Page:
TBC Soosan Jacob

Posted: Wednesday, March 30, 2016


Patients undergoing cataract surgery can expect good long-term visual rehabilitation, a prospective longitudinal population-based cohort study conducted in Sweden suggests. The study included 190 patients who were interviewed and evaluated 15 years after undergoing surgery in a similar time frame. Fifteen years after surgery, the median corrected distance visual acuity (CDVA) in the operated eye had deteriorated from 20/20 postoperatively to 20/25 (P = .0001). Sixty per cent of the patients had worsening of CDVA of less than 0.1 logMAR units compared with postoperatively. All patients answered the same Visual Function-14 (VF-14) questionnaire preoperatively, four months postoperatively, and five, 10 and 15 years after surgery. Fifty-four per cent had no deterioration in subjective visual function, and 79 per cent had 10 points of decline or less. Previous Nd:YAG laser capsulotomy was more common in those younger than 65 years at surgery (49 per cent versus 25 per cent), which was highly statistically significant. The most common comorbidity causing large functional loss 15 years after surgery was age-related macular degeneration.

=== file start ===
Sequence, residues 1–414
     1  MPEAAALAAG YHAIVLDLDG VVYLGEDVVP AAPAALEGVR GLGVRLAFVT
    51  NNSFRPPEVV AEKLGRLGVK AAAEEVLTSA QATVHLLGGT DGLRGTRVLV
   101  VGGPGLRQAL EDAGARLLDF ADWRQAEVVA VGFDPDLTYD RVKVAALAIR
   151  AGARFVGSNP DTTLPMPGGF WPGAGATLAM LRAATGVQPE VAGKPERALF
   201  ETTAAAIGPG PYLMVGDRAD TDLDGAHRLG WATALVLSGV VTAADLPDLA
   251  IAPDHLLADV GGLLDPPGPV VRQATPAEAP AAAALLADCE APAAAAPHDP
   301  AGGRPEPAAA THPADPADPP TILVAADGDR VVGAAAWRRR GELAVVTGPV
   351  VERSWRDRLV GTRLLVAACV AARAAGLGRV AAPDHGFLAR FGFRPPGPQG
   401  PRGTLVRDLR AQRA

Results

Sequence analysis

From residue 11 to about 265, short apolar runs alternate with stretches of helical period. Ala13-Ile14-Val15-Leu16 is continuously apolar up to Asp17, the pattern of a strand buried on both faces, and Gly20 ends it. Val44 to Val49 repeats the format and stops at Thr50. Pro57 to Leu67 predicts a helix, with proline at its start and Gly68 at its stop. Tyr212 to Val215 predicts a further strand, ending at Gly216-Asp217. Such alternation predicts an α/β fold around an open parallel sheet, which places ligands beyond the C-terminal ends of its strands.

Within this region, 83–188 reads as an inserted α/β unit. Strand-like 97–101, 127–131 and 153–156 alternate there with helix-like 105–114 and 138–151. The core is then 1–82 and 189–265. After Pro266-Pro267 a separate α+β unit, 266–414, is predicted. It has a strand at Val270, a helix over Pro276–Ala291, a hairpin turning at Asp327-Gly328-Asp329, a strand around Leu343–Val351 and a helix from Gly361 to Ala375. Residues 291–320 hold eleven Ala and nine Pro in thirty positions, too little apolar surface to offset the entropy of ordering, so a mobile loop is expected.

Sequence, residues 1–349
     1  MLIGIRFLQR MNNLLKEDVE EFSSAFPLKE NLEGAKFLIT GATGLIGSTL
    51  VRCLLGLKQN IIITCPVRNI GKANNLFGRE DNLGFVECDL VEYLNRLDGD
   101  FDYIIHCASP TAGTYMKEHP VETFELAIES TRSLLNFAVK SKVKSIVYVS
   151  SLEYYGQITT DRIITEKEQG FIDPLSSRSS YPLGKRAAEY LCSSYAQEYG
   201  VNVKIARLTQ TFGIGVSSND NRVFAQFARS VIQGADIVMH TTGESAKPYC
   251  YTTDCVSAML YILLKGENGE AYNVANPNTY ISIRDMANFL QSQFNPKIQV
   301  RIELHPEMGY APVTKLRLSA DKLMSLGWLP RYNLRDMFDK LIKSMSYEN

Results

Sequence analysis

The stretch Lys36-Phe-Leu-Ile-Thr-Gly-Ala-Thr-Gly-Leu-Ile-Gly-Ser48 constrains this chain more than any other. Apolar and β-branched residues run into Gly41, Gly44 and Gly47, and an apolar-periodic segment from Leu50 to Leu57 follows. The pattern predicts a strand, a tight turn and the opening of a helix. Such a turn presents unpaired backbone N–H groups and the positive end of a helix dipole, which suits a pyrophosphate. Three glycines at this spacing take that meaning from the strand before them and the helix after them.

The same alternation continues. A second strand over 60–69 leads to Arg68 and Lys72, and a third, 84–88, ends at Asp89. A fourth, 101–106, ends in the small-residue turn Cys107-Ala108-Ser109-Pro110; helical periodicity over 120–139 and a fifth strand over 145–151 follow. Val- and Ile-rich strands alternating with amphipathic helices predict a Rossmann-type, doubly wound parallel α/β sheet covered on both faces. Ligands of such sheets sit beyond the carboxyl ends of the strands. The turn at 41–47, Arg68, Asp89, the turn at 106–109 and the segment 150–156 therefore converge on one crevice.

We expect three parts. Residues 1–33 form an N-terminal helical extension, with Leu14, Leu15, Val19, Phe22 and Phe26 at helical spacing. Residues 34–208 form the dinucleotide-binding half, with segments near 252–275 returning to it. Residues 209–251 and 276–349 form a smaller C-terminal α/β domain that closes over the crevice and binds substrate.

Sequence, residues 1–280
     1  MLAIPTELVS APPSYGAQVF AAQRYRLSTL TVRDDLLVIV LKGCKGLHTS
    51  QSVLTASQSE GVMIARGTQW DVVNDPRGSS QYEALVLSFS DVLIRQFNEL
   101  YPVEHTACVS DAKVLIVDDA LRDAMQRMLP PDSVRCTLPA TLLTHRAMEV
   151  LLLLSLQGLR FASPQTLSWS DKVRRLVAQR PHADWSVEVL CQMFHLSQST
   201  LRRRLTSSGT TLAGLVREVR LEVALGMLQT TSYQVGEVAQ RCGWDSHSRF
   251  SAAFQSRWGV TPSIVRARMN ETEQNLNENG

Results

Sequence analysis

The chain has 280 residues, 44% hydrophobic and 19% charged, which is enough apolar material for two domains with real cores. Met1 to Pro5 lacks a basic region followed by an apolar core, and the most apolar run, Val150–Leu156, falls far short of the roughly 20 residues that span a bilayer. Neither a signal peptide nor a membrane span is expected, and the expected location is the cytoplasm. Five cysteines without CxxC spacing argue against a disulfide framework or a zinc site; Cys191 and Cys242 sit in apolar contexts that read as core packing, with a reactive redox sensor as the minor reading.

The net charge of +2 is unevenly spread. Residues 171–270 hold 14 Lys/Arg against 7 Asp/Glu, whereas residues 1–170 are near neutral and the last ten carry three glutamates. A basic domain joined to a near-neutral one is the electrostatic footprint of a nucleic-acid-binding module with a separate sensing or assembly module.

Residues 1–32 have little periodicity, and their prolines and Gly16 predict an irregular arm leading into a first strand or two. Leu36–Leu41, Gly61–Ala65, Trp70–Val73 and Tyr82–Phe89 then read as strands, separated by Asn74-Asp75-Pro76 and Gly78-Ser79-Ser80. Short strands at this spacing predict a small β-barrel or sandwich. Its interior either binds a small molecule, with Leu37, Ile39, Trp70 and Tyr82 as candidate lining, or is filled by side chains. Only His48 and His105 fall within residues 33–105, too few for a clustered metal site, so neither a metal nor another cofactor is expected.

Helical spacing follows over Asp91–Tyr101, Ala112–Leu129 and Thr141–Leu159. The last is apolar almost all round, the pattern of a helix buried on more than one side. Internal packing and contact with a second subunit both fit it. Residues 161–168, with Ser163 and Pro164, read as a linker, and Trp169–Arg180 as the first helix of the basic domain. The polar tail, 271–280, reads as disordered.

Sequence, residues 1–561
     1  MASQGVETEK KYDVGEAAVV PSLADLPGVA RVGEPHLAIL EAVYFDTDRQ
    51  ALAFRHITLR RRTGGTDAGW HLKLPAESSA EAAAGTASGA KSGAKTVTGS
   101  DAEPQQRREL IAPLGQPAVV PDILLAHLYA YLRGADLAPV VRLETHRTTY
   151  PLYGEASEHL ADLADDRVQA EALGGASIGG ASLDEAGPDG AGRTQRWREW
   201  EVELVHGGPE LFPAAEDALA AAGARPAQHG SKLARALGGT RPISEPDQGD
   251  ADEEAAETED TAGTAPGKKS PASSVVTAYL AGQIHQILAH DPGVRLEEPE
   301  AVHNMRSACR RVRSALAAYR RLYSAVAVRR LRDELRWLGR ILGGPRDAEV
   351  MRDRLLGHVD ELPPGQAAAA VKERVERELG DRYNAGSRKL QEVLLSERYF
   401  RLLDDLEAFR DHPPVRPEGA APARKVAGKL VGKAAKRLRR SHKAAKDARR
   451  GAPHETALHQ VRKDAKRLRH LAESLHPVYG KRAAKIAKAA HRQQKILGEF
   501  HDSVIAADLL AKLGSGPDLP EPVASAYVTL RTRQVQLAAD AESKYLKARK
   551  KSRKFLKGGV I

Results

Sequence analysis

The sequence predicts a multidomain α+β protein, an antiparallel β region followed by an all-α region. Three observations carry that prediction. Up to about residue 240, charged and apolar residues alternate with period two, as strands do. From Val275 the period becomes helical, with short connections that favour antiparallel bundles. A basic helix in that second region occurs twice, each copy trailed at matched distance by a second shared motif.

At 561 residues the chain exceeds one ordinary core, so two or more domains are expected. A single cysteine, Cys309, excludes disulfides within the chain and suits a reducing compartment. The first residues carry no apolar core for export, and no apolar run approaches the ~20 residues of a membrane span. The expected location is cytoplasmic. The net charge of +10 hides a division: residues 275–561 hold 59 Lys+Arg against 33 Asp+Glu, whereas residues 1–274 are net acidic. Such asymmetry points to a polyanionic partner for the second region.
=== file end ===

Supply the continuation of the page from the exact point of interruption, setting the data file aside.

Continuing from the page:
E Monestam, JCRS, “Long-term outcomes of cataract surgery: 15-year results of a prospective study”, Volume 42, Issue 1, 19-26.



Axial length and anterior chamber depth are commonly measured with partial-coherence interferometry (PCI) or optical low-coherence reflectometry (OLCR) biometers. The OLCR biometer also measures the central corneal thickness, aqueous depth, lens thickness, pupil size, and corneal diameter. However, both biometers are known to fall short in determining the axial length in the presence of a dense nuclear and/or posterior subcapsular cataract. US researchers conducted a prospective evaluation of a new biometer (Argos) with swept-source optical coherence tomography (SS-OCT), and compared results with those obtained with the PCI and the OLCR biometers. They measured axial length, central corneal thickness, aqueous depth, anterior chamber depth, lens thickness, pupil size, corneal diameter, and anterior corneal radius of curvature (RAV). Measurements with the new SS-OCT biometer were repeatable and reproducible. Axial length measurements with the new biometer were comparable to PCI and OLCR measurements, with a faster and higher acquisition rate, even in the presence of a dense nuclear or posterior subcapsular cataract. The new system moved beyond current systems capabilities by using a swept-source that implements quasi-phase continuous tuning combined with multiple beam expanders at a swept rate of 2.5kHz, which is about five to 10 times larger than what can be achieved in current systems.
This swept-source enables very simple measurements of the
axial length.
H John Shammas et al, JCRS, “Biometry measurements using a new large-coherence–length swept-source optical coherence tomographer”, Volume 42, Issue 1, 50-61.